We must maintain the diversity of our flock. The Minister is learning a great deal about sheep tonight; about all the different breeds and how the system works. We must ensure that we keep the Blackface sheep and the mountain sheep because they are the base for our breeding stock for meat. I wholly support the need for biodiversity.
 

The Lord Bishop of Hereford: I support the amendments. They are among the most important on the Marshalled List tonight because people were concerned that Part 2 of the Bill threatened variety and biodiversity. The amendments spell out what the Government have stated obliquely in new Section 36C(2). However, it needs to be stated clearly that in allowing exceptions in an accelerated programme for the elimination of scrapie, which most Members believe is a good one, there must be safeguards in particular for biodiversity. I should be pleased if the Government were able to accept a specific amendment along those lines.
 

Lord Livsey of Talgarth: Having drafted Amendment No. 31, I support what was said by my noble friend Lord Jopling. Recently in Craven Arms market, Knighton market and Builth Wells it is common to have 20,000 Clun Forest ewes. When I was about 10 years old, I used to drove thousands of Kerry Hill ewes into the market place. Their numbers are now small—they are almost rare breeds—and they represent a gene pool which must have a chance to survive. That is vital because many of the characteristics of those two breeds are unique, which
 
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is why they were so popular and may become popular again. We must be careful about what we are doing in this legislation.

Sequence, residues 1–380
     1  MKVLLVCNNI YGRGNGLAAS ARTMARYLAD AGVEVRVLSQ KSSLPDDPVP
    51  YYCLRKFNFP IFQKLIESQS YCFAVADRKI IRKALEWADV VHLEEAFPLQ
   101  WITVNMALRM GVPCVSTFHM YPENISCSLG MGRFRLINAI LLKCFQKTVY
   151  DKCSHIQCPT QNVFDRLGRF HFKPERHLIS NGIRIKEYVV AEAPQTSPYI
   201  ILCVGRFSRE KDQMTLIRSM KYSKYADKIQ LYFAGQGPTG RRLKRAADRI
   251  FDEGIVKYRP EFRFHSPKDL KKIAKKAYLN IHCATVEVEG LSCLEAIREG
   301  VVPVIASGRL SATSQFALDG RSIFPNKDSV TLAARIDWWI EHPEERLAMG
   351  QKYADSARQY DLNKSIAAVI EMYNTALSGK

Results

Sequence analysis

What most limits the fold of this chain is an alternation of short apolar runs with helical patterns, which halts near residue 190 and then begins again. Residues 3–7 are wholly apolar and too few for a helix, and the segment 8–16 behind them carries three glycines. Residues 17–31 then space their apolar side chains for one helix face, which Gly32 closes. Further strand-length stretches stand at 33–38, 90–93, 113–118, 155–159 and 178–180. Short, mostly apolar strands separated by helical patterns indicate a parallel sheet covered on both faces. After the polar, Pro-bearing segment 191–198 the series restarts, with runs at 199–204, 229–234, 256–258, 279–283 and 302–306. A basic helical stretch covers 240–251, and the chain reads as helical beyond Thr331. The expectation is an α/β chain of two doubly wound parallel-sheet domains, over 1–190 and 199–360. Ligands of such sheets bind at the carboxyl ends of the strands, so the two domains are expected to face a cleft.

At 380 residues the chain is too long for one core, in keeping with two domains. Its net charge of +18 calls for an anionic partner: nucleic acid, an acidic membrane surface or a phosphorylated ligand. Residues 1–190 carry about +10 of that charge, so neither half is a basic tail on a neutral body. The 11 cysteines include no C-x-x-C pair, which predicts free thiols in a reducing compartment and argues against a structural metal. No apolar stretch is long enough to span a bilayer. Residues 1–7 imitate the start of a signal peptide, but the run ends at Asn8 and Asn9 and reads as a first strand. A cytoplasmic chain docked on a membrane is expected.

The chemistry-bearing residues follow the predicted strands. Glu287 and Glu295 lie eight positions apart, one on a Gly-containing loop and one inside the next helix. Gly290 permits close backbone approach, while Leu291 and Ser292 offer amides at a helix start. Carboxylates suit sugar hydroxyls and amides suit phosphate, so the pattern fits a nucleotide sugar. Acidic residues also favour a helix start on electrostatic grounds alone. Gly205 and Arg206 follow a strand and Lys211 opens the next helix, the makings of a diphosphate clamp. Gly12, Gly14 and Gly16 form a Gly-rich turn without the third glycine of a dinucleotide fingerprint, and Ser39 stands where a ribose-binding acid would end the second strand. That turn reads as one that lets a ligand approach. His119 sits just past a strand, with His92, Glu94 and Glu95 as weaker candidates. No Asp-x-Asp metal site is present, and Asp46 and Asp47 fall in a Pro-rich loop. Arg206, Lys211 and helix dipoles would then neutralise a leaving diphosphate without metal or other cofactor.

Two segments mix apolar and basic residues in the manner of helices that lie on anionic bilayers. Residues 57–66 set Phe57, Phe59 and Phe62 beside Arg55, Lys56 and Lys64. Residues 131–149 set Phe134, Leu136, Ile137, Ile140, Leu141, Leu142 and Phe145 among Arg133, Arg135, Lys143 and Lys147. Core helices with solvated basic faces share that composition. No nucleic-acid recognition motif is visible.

Lord Carter: We can see what the noble Lord is driving at with these amendments. I was interested in the description of the various breeds by the noble Lord, Lord Jopling. We all knew that the noble Baroness, Lady Masham, was a Cross-Bencher but it seems that she is also a cross-breeder.
 
As at Amendment No. 31(2A), experience tells me that it is dangerous to specify a list by order because if one is missed out there could be considerable problems. I should be interested to know whether the Minister will adopt the devise that is often used for consultation amendments in the Bill; a requirement to consult.
 
The Government must be left with a degree of freedom because the people and organisations with whom they must consult change. If they are specified by order, one runs into problems. Furthermore, if we were to have such an order as that specified in subsection (2B)—and it would not be necessary if there were a consultation amendment—it should be under the negative rather than the affirmative procedure.
 
It would be better if the Minister would consider a consultation amendment. That is often a way of getting around the problem of having to specify matters in a changing situation. I understand all that has been said about minority breeds but all the briefing I have seen shows that DEFRA is anxious to understand the problems. It is consulting all the stakeholders and there would be consultation on any orders it lays. Therefore, it would do the Government no harm to accept a consultation amendment.